Mammoet transported two ship-to-shore (STS) and ten rubber-tired gantry cranes (RTGs) for which it used 56 axle lines of SPMT. The completion of the crane relocations has increased the port’s capacity to more than 95m tonnes.
The company said the biggest challenge faced by the team was the execution of the moves during the ‘North Winds’, which are seasonal winds that hit the region regularly from November to February. During this period, wind speeds can be in excess of 120kph and typically last two to three days. Mammoet’s team proposed splitting one load into two shipments, which was accepted by the client.
This solution reduced the required working window from four days to two days for each voyage, allowing for completion of a safe and efficient offload schedule.
“The successful execution of the port's expansion would not have been achievable without the collaboration between Mammoet’s teams in the United States and Mexico,” said Patrick Heer, project manager for Mammoet. “By sharing and combining knowledge across the region, we were able to effectively manage logistics and resource management not only locally but also internationally, while continuously managing and exceeding the client’s expectations for a safe execution,” he added.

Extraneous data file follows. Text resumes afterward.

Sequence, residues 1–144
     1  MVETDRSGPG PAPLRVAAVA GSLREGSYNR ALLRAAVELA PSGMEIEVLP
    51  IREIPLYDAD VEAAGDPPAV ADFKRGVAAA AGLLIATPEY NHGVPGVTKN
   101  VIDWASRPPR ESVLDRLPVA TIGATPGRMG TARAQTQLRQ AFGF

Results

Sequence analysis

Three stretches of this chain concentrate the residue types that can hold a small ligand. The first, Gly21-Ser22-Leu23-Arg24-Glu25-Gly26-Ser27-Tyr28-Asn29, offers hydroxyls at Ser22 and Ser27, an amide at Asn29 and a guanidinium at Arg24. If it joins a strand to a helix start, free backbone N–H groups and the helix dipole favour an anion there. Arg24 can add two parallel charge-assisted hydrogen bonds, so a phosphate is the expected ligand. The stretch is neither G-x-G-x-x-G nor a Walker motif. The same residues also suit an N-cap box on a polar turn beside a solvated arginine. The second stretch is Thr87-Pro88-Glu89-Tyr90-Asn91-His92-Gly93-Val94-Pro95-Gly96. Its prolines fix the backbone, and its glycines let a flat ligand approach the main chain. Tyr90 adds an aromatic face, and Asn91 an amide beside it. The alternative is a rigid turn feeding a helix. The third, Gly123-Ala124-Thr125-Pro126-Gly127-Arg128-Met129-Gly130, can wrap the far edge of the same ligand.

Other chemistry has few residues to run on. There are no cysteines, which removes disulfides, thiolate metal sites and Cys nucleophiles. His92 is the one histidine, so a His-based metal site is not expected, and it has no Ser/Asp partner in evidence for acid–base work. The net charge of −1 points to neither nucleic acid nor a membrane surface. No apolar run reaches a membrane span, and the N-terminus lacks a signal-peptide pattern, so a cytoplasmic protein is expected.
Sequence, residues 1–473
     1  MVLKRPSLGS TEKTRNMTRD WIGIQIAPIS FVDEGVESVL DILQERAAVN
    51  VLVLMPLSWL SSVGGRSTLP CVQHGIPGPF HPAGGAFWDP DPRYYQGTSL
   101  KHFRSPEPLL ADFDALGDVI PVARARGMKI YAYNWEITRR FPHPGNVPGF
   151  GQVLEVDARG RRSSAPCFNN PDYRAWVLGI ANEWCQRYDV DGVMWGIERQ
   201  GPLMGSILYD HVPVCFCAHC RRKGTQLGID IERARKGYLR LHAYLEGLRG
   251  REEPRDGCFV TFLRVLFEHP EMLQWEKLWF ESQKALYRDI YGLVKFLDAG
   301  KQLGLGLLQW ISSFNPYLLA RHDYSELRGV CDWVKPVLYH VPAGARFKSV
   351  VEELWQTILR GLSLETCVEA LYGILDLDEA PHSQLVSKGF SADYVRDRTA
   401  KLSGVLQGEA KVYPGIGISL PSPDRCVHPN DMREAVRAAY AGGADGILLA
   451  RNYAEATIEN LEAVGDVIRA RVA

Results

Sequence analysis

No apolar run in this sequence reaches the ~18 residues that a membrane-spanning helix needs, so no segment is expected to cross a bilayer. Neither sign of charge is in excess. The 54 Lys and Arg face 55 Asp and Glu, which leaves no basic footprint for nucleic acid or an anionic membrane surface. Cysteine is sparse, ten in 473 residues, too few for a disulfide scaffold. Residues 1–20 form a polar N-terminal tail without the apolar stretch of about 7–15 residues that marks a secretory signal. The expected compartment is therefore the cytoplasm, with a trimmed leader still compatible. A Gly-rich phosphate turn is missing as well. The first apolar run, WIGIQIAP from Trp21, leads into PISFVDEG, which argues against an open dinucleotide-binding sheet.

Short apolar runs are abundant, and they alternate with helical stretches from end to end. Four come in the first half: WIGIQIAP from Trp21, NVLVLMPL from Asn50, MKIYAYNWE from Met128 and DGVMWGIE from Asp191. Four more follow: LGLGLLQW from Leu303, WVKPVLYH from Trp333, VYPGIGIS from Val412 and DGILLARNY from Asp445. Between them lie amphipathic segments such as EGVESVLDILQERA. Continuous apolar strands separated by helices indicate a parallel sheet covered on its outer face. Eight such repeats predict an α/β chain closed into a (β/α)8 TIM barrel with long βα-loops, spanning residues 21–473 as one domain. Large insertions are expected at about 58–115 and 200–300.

In October 2019, Mammoet performed phase one of the terminal expansion, which included the transport of three Ship-to-Shore (STS) cranes and 18 Rubber-Tired Gantry cranes (RTGs).
The expansion of the terminal increased capacity to 95m tonnes and the total area for the new port of Vera Cruz that includes ICAVE-TEC and the four specialised terminals is 1,113 hectares of which 626 ha are located on land and 487ha in water, doubling the size of the current port consisting of 554 ha land-sea.
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